Question Asked By Vince on October 20, 2022
A tweet posted on October 18, now shared more than 50,000 times, has left more than one Internet user in awe. “What happens when you ask an AI to generate ‘human evolution’? It’s terrifying”declares the author of the message, inviting to launch video of about forty seconds. On haunting synthesizer music (the title Solitude by the duo Felsmann + Tiley) then scrolls through a sequence of great strangeness, made up of a succession of drawings that blend into each other.
The first image is that of a macaque, which is transformed into a succession of other monkeys, then into various hominids which are supposed to be representatives of Homo sapiens. Then, from prehistoric man, we move quickly to profiles dressed in armour.
If we except a few graphic anomalies (appearance of a third hand, a third leg, cup of coffee in the hand of the monkeys supposed to represent the ancestors of humans…), we are so far in a fairly classic representation and naïve of “human evolution” (naive and false: macaques are not our ancestors, but share with us a common ancestor who existed several million years ago).
The rest of the sequence presents a contemporary man, hood on his head and smartphone in hand, who soon turns into a woman whose limbs are mechanical prostheses. Different types of cyborgs follow one another, of which only the face and the hands still remain organic. Then the mechanical substitution is complete, and the exterior covering of the body becomes more and more uniform. The face becomes a helmet with a visor, before it turns into a hideous mouth, with long slender teeth. The half “creature of the lagoon”, half xenomorph being of the series Extraterrestrial, continues its grotesque mutations to no longer look like a mixture of fluted tubes and pipes, which themselves become pure geometric shapes.
A video capable of creating perfect unease, as much by its soundtrack, its graphic style, as by the representation made of the “future of humanity”. But is this really the idea that an “artificial intelligence” has of our future? Is it a prediction based on statistical forecasts? An extrapolation based on the representations available in the iconography of science fiction, in which a computer would have gone to draw at will?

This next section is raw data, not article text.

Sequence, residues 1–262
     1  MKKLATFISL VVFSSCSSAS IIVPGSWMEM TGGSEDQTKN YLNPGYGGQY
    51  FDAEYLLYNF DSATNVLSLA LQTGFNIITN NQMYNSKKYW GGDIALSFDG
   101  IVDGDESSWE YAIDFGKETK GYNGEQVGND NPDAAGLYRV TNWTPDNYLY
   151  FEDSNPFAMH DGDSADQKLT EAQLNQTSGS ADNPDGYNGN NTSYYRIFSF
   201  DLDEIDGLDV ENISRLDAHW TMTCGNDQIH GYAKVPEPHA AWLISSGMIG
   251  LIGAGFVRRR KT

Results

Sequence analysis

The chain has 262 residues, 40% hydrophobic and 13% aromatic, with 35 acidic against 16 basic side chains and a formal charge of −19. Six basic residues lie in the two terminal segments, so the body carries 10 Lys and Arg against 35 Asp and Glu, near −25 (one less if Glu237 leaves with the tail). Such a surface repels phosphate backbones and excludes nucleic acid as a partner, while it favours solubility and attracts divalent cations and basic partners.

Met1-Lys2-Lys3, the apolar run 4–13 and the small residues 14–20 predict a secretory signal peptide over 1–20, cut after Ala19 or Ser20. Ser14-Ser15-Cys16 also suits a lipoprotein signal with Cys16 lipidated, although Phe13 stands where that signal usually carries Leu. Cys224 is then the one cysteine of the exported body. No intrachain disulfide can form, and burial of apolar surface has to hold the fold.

In reality, the role of artificial intelligence is limited here to translating the detailed description of numerous scenes into a drawing, given by a human being. The author? Swiss artist Fabio Comparelli who posted this footage on his Instagram account on October 2. To make this video, he used the Midjourney program, which produces images from textual descriptions (on the same principle as the Dall-E program developed by the OpenAI company, or the Craiyon site). If artificial intelligence holds the virtual paintbrush and offers a representation based on Fabio Comparelli’s descriptions, these statements and the link created between them are indeed those of the human operator. Programs such as Midjourney are trained to transcribe words into pictures by analyzing massive amounts of images available online.
Faced with the success of the tweet which resumes its creation, Fabio Comparelli split a series of posts on Instagram. At first, he denounces the fact that the video is taken without mentioning his name. He is alarmed that the tweet is relayed by various influential accounts, in particular that of the ex-CEO of Twitter Jack Dorsey. Noting that many accounts are reproducing the same tweet, he says: “My video is going viral everywhere! Please, if you want to share it, mention my name, and don’t write “Here’s what happens when you ask an artificial intelligence to predict human evolution”. It may scare some people, and scare people, who will actually believe that [ce qui est montré] will happen. I clearly influenced and told the artificial intelligence what type of images I wanted, and when. It’s just the result of my imagination… Yes, I really like science fiction!”
In response to these messages – and to the many disapproving comments from Internet users – the account at the origin of the first viral tweet published a second tweet quoting the name of the artist and linking his Instagram account. But without relaying the creator’s warning about the faulty interpretation conveyed by the viral message.